Coming Out: planning ahead, testing the waters, environment, support systems, and safety.

Author :- Vyom Raisurana Oct. 17, 2020, 3:33 p.m.
Coming Out: planning ahead, testing the waters, environment, support systems, and safety.

Coming out of the closet can be an intimidating and daunting process for many. Hiding or lying about one’s identity can be a very frustrating experience.

In an ideal world, this would not be such a struggle. While each case and person's backgrounds are unique in its own way, a few guiding points may help you in your process of coming out.

Planning Ahead:

Just like everything else, planning ahead when to tell who is very crucial. Few things you should keep in mind:

  • How stigmatized is/are the person/people who you are deciding to come out to?
    • Gathering the overall tolerance level of the community/people who you are coming out to is extremely crucial in the process.
  • What is the person’s mind frame before you come out to them?
    • Bear in mind that this will be new information for anyone to process. You would like to avoid coming out on a day when they’ve had a very hectic or a day full of challenges.
  • Determine who you would like to come out to.
    • In coming out stories, it’s rare that people are comfortable coming out to everyone in their circle or openly.
      Consider, taking the approach of coming out to the people who you feel the safest and most comfortable around. These are the people who most likely understand you. Even if they do not understand what does it mean to be Queer, they would likely support you for you.
  • Decide where you want to come out.
    • This is a personal preference really.
      • If you feel that coming out to the person may be an unsafe experience, consider public space, say a club, or a cafe.
      • If you feel that you want this to be a private thing, consider expressing in the comfort of your home.
        (Don’t forget to make the person feel comfortable)
      • If you’re unsure, consider a video call or a phone call, or even a text message. So that the anxiety of the person’s reaction does not consume you.

Be well informed, prepared for questions to answer. Common questions that may come up are:

  • Are you sure?
  • Who’s your partner?
  • How long have you known about your orientation?

Have a rough idea of what you want to say. Keep flashcards cards, mobile phone notes if that helps. Explain to them what it means and this information can be difficult to process.

(Source- CNN)

Testing the Waters:

You can almost never tell who will accept your orientation or not. Here, dropping hints helps a lot. Using current trends or news items can be a good conversation starter to test the waters.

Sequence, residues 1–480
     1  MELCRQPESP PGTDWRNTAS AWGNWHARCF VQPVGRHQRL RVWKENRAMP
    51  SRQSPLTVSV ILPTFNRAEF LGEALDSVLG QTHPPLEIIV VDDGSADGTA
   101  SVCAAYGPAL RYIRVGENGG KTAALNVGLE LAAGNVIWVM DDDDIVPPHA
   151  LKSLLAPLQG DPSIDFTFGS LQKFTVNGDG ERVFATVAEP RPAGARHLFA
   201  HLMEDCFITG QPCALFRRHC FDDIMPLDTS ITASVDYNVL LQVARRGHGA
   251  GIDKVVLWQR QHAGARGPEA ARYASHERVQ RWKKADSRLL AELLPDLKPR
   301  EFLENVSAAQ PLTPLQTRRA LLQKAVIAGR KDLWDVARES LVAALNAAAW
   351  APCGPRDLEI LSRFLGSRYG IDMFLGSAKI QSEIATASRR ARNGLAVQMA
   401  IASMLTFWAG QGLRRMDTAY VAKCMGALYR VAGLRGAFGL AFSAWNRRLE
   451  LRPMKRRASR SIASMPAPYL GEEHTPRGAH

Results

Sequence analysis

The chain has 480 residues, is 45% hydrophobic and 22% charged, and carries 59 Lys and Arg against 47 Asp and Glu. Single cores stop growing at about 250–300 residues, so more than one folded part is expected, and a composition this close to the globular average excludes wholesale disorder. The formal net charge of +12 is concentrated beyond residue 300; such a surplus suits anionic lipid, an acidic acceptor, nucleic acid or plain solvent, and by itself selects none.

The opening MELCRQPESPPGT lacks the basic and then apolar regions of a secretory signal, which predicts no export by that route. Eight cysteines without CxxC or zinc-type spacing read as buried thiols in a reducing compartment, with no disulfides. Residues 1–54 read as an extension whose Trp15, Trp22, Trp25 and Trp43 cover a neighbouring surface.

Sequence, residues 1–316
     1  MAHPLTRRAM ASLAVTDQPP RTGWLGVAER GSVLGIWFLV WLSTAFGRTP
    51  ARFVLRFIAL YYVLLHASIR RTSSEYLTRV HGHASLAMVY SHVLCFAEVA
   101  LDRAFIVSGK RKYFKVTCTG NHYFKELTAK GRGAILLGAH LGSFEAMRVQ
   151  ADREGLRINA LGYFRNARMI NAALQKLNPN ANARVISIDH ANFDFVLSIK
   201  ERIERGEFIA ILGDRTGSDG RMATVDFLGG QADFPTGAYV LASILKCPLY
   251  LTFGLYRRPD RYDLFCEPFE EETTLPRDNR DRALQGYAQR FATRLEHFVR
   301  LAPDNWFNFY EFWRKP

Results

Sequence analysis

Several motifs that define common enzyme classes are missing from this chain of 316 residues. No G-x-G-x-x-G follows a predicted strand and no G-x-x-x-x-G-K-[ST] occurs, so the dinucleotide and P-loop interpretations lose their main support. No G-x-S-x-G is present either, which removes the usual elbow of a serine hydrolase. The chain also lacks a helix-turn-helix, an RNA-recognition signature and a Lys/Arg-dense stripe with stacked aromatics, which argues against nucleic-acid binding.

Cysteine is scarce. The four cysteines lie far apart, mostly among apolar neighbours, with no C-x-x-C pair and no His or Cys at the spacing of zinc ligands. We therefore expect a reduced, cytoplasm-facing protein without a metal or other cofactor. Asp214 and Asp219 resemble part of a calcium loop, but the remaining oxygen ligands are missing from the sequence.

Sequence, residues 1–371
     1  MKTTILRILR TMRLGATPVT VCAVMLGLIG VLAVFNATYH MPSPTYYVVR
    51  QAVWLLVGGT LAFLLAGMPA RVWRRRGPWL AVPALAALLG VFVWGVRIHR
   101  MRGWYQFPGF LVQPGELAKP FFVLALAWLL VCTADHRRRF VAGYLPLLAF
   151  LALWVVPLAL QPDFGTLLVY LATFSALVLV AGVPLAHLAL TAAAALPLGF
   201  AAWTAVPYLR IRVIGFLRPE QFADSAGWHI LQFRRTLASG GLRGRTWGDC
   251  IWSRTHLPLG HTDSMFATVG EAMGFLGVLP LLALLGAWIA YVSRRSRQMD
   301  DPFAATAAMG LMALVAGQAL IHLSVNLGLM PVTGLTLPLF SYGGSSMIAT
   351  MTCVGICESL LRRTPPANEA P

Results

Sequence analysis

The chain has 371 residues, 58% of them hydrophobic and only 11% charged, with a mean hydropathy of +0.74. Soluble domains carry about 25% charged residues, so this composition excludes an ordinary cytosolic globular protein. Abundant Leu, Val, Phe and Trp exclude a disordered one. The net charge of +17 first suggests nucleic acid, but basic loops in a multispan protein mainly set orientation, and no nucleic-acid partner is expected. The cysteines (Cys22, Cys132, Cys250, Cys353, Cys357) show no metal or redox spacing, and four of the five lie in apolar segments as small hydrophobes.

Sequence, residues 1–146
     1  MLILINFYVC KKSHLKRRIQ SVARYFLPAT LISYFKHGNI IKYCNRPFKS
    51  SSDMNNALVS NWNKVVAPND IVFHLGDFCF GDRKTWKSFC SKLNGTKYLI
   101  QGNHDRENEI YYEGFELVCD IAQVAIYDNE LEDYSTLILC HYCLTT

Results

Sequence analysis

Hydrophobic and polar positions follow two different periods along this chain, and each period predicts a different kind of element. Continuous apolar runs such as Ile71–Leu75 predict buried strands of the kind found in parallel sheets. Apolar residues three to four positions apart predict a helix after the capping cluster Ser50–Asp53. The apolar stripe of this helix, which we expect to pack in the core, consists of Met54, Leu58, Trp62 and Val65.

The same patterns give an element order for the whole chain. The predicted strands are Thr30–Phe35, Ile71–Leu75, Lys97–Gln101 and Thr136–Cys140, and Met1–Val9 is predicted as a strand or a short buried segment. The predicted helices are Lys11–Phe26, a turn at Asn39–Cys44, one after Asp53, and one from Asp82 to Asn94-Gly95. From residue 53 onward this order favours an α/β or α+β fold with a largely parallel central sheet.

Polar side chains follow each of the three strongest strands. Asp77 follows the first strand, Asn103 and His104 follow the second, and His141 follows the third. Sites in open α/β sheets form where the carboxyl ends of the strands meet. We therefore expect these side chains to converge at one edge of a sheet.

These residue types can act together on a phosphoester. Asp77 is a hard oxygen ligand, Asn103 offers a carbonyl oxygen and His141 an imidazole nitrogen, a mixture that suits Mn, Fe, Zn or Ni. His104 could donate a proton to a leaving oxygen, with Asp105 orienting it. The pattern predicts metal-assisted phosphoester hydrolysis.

• “Hey! Did you hear that Kevin Spacey is gay?”
  • “The scrapping of Article 377 from the Indian Constitution was interesting. Did you know the two lawyers are lesbians?!”

Once you share this, give the space for the person to be the speaker and let them express. If someone is outrightly dismissive and homophobic, you know that coming out to them is not a good idea; at least at the moment.

Someone who’s more accepting and tolerant, may exude positivity or generic phrases/sentences of acceptance. 

While this is no foolproof and safe way to come out, as some people may be tolerant to some queer people and intolerant to others.


The physical space can determine a lot of how it may be perceived. If you’re likely coming out in a public space, a person who is not accepting, is bound to put the societal filter in their head before reacting. Similarly, inat the comfort of one’s personal space, you can expect the person you are informing to express themselves openly.

If it helps you, consider having one or two close friends in the physical space you’re expressing. It would give you the confidence and keep the anxiousness in check.

Support Systems:

This is perhaps extremely crucial in the process of your expression. Identify and connect with people who belong to the community. Nowadays most cities have community centers and groups. Thanks to social media, finding them is also not difficult!

If you feel very scared and unsure of the result, having the contact number of help centers and shelters would give you a lot of confidence.

Active networking will help you realize- you are not alone (the most important tip of all!) and learn from others experiences to help make your experience smooth and comfortable.

(Source: WBEZ)


During this entire process, your well-beingwellbeing and safety areis of prime most importance.

If you feel that your expression will lead you to getgetting evicted from your place of residence identify an LGBTQIA+ shelter in your area in advance. If unavailable, consider arranging your stay with a friend who supports you till the tides settle.

Always remember to take your time and never rush into it. 

Also read "LGBTQ Local support chapters, helplines, resources, etc. in the USA"

(Cover photo by Karolina Grabowska from Pexels)